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Important Changes to Oregon’s Safe Employment Act

On June 15, 2021, Governor Kate Brown signed and enacted Senate Bill 483 into law, amending the Oregon Safe Employment Act (OSEA) to include a significant new protection for employees alleging claims for employment discrimination and retaliation under the Act. Previously, if an employee brought an action alleging discrimination or retaliation under the Act, the burden ultimately rested on the employee to prove that the action taken by the employer was discriminatory or retaliatory. However, the amended law now shifts that burden of proof on the employer—that is, depending on the timing of the employer’s alleged adverse actions.

Effective immediately, ORS 654.062(7)(a) provides that in any action brought for discrimination or retaliation under the Act, there is now a rebuttable presumption that a violation has occurred “if a person bars or discharges an employee or prospective employee from employment or otherwise discriminates against an employee or prospective employee within 60 days after the employee or prospective employee has engaged in . . . protected activities[.]” ORS 654.062(7)(a) (emphasis added). Protected activities include expressing opposition to unsafe workplace practices, filing complaints, initiating proceedings, and reporting assaults that take place on the premises. As noted above, under this new provision the person accused of violating the Act bears the burden of persuasion and may rebut the presumption that a violation has occurred only by demonstrating, by a preponderance of the evidence, that the alleged adverse employment action was not discriminatory or retaliatory.

In addition, Senate Bill 483 included an emergency clause and a provision that the rebuttable presumption applies retroactively to complaints that have not been issued a final decision by BOLI as of June 15, 2021. Thus, on July 19, 2021, BOLI announced that it would be implementing new rules to respond to complaints made under the new measure, and “complaints that meet the criteria of the measure must now be investigated based on the rebuttable presumption, thus shifting the burden of proof and the investigatory process of the Civil Rights Division (CRD).” By enacting temporary rules, BOLI now has the ability to immediately respond and investigate complaints brought in accordance with Senate Bill 483.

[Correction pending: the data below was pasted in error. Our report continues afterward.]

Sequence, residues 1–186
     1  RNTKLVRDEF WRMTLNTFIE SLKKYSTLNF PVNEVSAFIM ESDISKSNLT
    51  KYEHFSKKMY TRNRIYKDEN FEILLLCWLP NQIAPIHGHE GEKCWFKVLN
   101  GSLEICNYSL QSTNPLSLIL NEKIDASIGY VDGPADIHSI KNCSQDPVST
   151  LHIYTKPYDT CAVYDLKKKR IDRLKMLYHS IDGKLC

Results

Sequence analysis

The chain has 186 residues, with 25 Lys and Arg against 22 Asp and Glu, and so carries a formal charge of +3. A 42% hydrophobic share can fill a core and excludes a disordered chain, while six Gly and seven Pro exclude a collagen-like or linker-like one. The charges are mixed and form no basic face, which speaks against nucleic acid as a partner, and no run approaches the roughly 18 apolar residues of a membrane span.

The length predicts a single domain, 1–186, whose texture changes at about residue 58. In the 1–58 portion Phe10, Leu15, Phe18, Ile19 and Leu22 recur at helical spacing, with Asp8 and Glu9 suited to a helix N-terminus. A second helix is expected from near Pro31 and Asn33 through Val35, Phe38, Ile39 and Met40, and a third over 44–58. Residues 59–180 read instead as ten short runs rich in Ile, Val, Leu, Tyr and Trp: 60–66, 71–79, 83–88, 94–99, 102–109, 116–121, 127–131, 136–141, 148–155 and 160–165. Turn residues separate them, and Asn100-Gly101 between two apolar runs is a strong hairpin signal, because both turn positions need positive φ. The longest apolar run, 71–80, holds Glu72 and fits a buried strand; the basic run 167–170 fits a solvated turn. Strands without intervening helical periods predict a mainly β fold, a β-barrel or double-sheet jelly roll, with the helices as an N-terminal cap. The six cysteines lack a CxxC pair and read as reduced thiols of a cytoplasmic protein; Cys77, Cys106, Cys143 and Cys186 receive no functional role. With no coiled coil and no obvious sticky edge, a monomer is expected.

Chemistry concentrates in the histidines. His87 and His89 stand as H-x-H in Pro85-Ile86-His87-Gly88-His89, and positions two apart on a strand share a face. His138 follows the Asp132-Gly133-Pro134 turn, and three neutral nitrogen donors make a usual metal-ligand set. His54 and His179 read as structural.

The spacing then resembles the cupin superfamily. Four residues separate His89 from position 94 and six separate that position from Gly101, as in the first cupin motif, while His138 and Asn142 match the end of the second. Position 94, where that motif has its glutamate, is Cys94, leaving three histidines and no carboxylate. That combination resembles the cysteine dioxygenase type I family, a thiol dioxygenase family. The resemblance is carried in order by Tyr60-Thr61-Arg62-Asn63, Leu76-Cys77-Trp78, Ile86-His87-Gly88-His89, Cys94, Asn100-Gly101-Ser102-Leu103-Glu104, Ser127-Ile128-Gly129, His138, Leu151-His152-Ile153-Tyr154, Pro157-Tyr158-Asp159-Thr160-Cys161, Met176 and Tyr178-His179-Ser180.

Still, the new legislation does not modify existing law with respect to adverse actions occurring more than 60 days after an employee has engaged in a protected activity. ORS 654.062(b) (stating “[i]f a person bars or discharges an employee or prospective employee from employment or otherwise discriminates against the employee or prospective employee more than 60 days after the employee or prospective employee has engaged in any of the protected activities . . .  such action does not create a presumption in favor of or against finding that a violation . . . has occurred.”) (emphasis added). In those circumstances, the burden remains on the employee or prospective employee to establish a causal link between an employer or prospective employer’s adverse action and the protected activity.

Notably, prior to the enactment of this legislation, employees could frequently create a triable question of fact regarding an employer’s alleged retaliatory intent by establishing a proximate temporal link between an employee engaging in a protected activity and an employer’s adverse employment action. However, this new law will have a significant impact on litigation moving forward. in that the burden is now presumptively on employers to show that adverse actions were based on legitimate, nonretaliatory reasons when taken within two months of the employee engaging in a protected activity. Thus, moving forward, employers may want to consider carefully evaluating the timing of any disciplinary actions for employees, and maintaining detailed documentation in support of any disciplinary action taken after an individual has engaged in a protected activity under the Act.

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